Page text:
That was not the case for me, however. At age 22 and as a Latin-American male with Guatemalan parents, I proudly identify as a straight ally to the LGBT community. I first came out in support of Gay rights at 18. I am proud to be a good example that my friends can follow and I ask that all other straight allies, who vote in secret for pro-Gay ballot initiatives and candidates, to consider being a visible and vocal supporter because it's the right thing to do. I will admit it takes some nerve to talk to friends and family about your support for the LGBT community - at first. But then you begin to realize most people are sympathetic to messages of nondiscrimination. As for the ones who aren't - don't verbally beat them up too badly the first time around. Give them some time and they'll get there.
I can very clearly remember the first time I saw the transformation of a conservative Latin mother, after she learned that her oldest son was Gay.
Maria attended the same traditional Christian church as my family. One Sunday she explained to a handful of fellow church members that she had woken up to both a dream come true and her worst nightmare.
She said her son graduated high school at the top of his class and had been awarded a college scholarship. This, Maria explained, was the dream come true.
But the nightmare, Maria said, began when her son called a family meeting to come out as Gay.
Needless to say, the somber mood that crept into Maria's house that day stuck around as she agonized over questions like, What horrible hell would God condemn her son to? She also fretted over what her pastor and the rest of the congregation might say. She wondered if his being Gay was because she had done something wrong.
After months of crying and praying, Maria accepted her son as Gay. Family, she said, is more important than anything else.
'God is love,' Maria said to my mother over coffee. 'And I love my son exactly the way God sent him to me.'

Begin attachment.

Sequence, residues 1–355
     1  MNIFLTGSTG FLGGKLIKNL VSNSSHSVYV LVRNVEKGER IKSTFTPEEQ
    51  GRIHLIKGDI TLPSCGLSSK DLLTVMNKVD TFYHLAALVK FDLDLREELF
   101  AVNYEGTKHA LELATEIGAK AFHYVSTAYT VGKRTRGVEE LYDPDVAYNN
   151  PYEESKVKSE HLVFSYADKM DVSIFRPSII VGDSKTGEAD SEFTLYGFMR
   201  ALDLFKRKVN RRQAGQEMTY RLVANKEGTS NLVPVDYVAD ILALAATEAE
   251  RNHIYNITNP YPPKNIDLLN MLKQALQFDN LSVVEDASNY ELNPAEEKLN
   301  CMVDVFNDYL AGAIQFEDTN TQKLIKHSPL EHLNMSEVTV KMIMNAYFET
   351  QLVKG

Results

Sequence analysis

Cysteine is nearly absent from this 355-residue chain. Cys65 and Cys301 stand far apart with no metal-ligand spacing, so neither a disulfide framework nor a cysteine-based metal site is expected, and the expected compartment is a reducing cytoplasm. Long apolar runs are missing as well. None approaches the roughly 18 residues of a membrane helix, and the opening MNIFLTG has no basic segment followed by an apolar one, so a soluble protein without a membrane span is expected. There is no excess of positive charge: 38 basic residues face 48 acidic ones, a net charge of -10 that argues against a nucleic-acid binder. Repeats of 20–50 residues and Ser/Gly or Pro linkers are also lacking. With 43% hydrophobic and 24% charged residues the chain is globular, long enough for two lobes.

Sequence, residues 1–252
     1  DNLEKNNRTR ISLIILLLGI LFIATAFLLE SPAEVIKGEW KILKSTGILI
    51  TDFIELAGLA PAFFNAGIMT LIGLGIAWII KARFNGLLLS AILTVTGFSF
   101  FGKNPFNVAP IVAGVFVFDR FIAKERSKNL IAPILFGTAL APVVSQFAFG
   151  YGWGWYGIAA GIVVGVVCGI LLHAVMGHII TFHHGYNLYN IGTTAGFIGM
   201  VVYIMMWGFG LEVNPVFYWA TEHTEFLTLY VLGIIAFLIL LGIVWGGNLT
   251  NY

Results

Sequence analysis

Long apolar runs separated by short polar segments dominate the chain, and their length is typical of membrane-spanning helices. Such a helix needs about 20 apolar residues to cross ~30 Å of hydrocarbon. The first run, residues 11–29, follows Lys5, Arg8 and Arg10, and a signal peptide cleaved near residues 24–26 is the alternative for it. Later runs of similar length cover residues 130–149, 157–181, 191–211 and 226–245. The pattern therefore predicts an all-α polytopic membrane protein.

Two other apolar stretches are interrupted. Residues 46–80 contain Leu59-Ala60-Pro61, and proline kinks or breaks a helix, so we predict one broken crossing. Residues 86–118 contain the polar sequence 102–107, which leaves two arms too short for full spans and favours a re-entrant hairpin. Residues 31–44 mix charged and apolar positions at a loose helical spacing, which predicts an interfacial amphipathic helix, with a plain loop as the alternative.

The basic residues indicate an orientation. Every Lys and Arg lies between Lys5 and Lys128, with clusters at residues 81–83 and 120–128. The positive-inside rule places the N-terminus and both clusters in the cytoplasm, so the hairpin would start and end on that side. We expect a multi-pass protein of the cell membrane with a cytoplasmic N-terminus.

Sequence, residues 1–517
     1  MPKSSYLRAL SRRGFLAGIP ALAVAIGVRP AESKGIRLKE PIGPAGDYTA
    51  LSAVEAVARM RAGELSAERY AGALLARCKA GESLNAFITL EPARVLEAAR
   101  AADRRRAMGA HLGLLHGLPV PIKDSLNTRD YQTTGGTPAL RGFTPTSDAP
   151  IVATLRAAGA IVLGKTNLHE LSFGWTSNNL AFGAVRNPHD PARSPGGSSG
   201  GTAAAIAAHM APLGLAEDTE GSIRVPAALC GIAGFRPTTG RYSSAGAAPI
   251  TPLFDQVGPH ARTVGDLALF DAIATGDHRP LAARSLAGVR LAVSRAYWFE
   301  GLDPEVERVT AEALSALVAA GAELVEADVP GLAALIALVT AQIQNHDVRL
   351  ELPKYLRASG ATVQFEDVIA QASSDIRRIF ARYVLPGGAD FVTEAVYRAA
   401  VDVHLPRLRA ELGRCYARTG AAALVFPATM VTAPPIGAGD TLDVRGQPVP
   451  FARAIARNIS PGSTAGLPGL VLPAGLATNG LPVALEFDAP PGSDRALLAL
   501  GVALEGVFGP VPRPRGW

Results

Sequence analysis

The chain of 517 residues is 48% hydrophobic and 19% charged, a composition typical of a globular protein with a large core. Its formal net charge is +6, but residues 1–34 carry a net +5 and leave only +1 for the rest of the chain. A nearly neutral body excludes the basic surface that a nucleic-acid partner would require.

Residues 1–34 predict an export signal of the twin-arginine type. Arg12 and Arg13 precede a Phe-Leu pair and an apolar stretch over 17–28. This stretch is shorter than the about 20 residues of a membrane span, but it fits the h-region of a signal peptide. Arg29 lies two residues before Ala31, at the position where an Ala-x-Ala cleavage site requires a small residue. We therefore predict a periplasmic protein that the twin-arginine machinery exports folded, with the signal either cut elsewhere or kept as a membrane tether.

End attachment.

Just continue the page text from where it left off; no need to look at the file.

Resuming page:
Luis Hernando Ramirez of Entre Hermanos, a Seattle-based LGBT resource center for Latinos, told me, 'In general terms, I believe we see more acceptance from family members of their LGBT sons and daughters these days, rather than families that exclude them due to religious viewpoints.'
But, Ramirez was quick to point out, that's 'not to say that it always happens that way.'
'Still,' he said, 'I think it's safe to say that the love of a family tends to trump religion - no matter how Catholic or Christian that family might be.'
The launch of this campaign, and the way the Latin communities are embracing it, makes me proud of my Latin heritage. By developing Familia es Familia, Latin American leaders in our country are showing us, the community they serve, that they are invested in the current state of affairs, and seek to influence a positive change for a better tomorrow.
Most importantly, this coalition can now stand side-by-side with the NAACP, organized labor, and President Obama as monuments of progress, acceptance, and understanding of LGBT issues. And this is a personal victory for me as well. For a long time I saw myself as somewhat of an outsider. I was made to feel like I was too liberal and just 'not Latin enough' to fit in. With this announcement, the Latin-American organizations have not only opened their arms to their LGBT brothers and sisters, but also let the progressive thinkers of our country know they have a new ally - the young, pro-Gay Latin American with the right to vote.